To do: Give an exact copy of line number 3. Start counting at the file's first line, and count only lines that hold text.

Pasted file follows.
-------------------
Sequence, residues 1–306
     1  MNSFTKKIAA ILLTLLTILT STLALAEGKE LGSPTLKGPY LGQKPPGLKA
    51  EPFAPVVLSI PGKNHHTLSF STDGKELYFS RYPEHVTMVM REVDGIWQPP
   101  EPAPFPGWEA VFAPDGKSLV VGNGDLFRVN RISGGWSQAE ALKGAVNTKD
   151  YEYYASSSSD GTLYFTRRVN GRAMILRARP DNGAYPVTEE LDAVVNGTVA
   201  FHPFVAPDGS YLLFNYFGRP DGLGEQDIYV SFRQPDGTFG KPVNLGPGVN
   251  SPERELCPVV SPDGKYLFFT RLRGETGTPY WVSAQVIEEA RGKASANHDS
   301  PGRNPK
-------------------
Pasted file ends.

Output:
    51  EPFAPVVLSI PGKNHHTLSF STDGKELYFS RYPEHVTMVM REVDGIWQPP